Learn of Him. Jesus tells us that He wants us to walk in unison with Him under His yoke of love. We can move in step with the Lord only as we learn about who He is, which is prerequisite to our being able to obey Him. It would be a terrible contradiction to think that we could unload our heartaches and problems on God and then proceed to live any sinful way we want. The reason we keep living under the weight of burdens is that we are not submissive to Him, but rather insist on having our own way.
If a Christian sins against the Lord, the Holy Spirit will convict that person of wrongdoing. All of a sudden, there will be no peace, no joy, and no fellowship with the heavenly Father. It becomes painfully obvious that something is wrong as the child of God feels a burden of conviction. In order to be released from the weight of that load, the believer may need to make a specific decision to end a behavior that he or she would prefer to continue.
Trust. While God does not say He will remove the burden, verse 29 promises what He will give: rest for our soul. Lugging around a weighty problem is like taking a mountain hike with a 100-pound knapsack strapped to our back—before long, we become fatigued and discouraged, and we can easily start to despair. Our caring Father offers relief so that we will no longer be worn and weary. As you trust God and begin to act on His most generous offer, you place yourself in a position to receive His promised blessings.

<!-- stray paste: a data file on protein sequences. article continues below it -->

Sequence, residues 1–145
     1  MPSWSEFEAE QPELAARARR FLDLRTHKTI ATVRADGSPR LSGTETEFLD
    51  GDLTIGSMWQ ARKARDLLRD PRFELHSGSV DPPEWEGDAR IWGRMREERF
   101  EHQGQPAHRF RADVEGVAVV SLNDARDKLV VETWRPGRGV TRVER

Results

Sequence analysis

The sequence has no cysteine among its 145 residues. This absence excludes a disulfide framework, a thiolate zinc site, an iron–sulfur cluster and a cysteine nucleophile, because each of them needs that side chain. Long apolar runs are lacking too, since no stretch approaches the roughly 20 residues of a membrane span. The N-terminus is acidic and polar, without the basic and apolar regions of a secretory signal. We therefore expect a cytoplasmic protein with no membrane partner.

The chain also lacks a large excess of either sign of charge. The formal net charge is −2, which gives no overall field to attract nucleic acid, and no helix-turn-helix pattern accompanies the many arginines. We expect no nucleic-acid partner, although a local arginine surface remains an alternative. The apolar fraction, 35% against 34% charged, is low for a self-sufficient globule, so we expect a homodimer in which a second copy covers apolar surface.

Trusting God with our burden does not mean we will never give another thought to the situation. Rather, we will start thinking about it in a new light: the light of the person of Jesus Christ, who is our sufficiency; the light of the promises of God, who has pledged not to let the righteous be shaken (Psalm 55:22); the light of His power, which allows you to tackle the challenge and keep going. Trusting God lessens our load.
Are you carrying an oppressive burden today? Jesus Christ is offering you another way. Remember that His yoke is light. It will not bend you, break you, or destroy you. On the contrary, submission to the Lord will actually lift you up. Let God take the weight of the burden you were never meant to carry by yourself. In exchange, He will give you the Holy Spirit's power to enable you to face any of life's challenges.
Have you ever considered how the intangible baggage of past experiences and sin hinders your journey with Christ? Hebrews 12:1-3 compares the Christian life to a race and encourages believers to "lay aside" those things that impede their progress. (Watch Unloading Your Baggage.)